When you pay out to take a stall, like me you probably hope for at least enough sales to cover the cost of the stall, transport, packed lunch and parking. Sometimes it doesn’t happen. Not only do I find myself deeply depressed, losing confidence in my stock, my business plan and being able to eat next week, I also find myself trying to cheer up whoever is with me: “it might get better later”; “there must be something else on this weekend” (in Glasgow, that’s usually football); “all the other stallholders are having a bad day too”. This last one should ring an important bell.
In paying for space indoors, you’re paying for a roof, a dry interior, lighting, accessible toilets, perhaps a table and chairs, perhaps electricity and good background music, security and space to unload and load at the end of the day. When there aren’t any customers, I always end up thinking about how much these things cost the event host to put on and how much they exist already.
I will be the first person to recognise that the organisers need to make a profit and pay a fair rate to any staff employed for the period of the fair. But I also know I’m paying for the event to be promoted on:
- Social media
- Posters throughout the building so that people attending other events know the fair is coming up
- Updates on the host’s website (if available)
- Signage outside so passers-by know to come in on the day
- What’s on listings for the area.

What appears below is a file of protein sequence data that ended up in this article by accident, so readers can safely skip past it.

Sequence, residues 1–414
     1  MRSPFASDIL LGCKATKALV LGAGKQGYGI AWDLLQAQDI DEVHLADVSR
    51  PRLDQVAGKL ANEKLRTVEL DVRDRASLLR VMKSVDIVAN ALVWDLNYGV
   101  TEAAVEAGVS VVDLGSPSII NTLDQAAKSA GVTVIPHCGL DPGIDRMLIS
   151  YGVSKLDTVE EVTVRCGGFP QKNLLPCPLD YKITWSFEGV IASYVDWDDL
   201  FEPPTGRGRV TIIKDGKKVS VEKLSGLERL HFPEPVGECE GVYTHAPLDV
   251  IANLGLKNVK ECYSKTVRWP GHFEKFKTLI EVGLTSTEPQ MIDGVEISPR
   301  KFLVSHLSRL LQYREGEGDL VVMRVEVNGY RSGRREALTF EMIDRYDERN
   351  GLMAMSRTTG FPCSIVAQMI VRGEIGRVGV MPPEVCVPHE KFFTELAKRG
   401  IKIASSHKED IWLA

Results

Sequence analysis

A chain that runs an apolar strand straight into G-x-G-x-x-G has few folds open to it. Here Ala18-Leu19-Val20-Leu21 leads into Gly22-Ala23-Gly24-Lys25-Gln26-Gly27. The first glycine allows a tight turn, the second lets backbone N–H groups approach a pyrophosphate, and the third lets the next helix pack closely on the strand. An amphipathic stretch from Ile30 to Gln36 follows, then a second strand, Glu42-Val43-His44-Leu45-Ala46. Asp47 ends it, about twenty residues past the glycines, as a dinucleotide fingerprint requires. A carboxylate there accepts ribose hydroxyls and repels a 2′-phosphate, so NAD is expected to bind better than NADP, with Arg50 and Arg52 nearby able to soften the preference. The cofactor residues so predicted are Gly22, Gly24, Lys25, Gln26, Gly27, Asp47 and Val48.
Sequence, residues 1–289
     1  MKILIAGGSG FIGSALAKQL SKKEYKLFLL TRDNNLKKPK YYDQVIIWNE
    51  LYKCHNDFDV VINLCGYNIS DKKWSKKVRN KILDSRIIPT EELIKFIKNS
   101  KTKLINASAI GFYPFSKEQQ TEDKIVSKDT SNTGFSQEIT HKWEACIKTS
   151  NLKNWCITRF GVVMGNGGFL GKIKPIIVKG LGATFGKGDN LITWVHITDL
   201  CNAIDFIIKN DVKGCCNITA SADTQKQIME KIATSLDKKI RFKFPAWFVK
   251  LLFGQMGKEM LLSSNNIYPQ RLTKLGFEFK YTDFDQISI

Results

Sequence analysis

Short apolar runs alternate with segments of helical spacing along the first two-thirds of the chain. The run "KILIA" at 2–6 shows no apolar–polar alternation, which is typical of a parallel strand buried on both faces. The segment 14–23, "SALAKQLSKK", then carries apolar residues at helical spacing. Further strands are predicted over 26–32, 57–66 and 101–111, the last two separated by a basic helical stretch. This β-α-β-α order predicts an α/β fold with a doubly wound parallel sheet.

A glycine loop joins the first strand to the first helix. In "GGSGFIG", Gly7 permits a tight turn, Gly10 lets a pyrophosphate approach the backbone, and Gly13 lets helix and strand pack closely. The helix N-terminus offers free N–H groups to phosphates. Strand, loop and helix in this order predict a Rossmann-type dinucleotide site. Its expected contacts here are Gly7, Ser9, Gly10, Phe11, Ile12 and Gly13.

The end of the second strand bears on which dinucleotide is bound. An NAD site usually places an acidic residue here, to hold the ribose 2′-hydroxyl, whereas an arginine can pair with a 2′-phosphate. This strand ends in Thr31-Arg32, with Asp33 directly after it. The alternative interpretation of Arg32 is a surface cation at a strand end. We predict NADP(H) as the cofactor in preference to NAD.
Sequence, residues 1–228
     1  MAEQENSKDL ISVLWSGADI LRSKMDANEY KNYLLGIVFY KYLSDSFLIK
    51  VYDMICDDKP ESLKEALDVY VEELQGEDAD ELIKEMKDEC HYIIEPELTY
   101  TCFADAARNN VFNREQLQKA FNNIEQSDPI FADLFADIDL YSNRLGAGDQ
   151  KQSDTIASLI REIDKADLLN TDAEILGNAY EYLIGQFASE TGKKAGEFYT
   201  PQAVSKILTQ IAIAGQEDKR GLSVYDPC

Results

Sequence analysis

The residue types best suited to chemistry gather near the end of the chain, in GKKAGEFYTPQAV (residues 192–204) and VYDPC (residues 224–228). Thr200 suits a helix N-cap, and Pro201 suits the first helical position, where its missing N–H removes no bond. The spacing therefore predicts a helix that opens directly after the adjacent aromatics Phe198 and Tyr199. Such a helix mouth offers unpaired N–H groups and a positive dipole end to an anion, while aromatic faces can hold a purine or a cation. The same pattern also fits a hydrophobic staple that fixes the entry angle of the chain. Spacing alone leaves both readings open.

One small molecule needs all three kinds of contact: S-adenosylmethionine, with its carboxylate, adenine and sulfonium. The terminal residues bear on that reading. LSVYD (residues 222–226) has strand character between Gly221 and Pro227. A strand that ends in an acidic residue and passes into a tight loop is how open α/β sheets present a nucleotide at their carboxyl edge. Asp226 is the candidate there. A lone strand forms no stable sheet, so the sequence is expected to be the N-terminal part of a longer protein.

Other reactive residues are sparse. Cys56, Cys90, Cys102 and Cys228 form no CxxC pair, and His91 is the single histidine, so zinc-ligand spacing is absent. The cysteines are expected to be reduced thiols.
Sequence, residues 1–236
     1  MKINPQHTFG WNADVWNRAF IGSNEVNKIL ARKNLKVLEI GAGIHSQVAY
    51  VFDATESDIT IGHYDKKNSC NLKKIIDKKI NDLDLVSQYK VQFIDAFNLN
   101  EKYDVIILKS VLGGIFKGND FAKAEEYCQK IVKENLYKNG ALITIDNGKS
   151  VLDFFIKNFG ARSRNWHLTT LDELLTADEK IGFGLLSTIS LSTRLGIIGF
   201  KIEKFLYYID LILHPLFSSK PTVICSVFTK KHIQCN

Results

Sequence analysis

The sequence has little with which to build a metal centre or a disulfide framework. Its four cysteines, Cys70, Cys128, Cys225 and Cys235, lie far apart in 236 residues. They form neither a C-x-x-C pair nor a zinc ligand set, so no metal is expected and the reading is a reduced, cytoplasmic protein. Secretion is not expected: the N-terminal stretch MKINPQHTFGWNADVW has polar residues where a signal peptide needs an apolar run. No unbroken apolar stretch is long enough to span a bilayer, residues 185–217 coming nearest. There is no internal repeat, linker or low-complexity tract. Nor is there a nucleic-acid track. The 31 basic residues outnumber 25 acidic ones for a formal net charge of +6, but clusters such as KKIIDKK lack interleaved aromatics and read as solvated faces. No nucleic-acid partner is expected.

I’ll take the bad days when they come, but if the promotion isn’t done then I’m going to start to grumble. If the event organiser isn’t focussed on the success of a fair then you’re unlikely to have good sales. For the organiser, they’re unlikely to get returning sellers and the market will spiral downwards. You lose money and they lose money!
I know that I should speak to someone when this happens, but I’m often wary of becoming the moaning stallholder (there’s always one!) Yes, we all need to do our bit to promote events – and if you’re coming from out of town your network may be less likely to attend your events. It’s always a good sign if the organiser looks for feedback – stallholders are likely to have experience from other events and have ideas that have worked at other markets.
I always advise people to attend a market as a shopper before committing as a seller. Once I’ve taken a stall, my best advice to myself is not to put up with a lack of promotion (or a lack of good background music for people to bop and shop to!)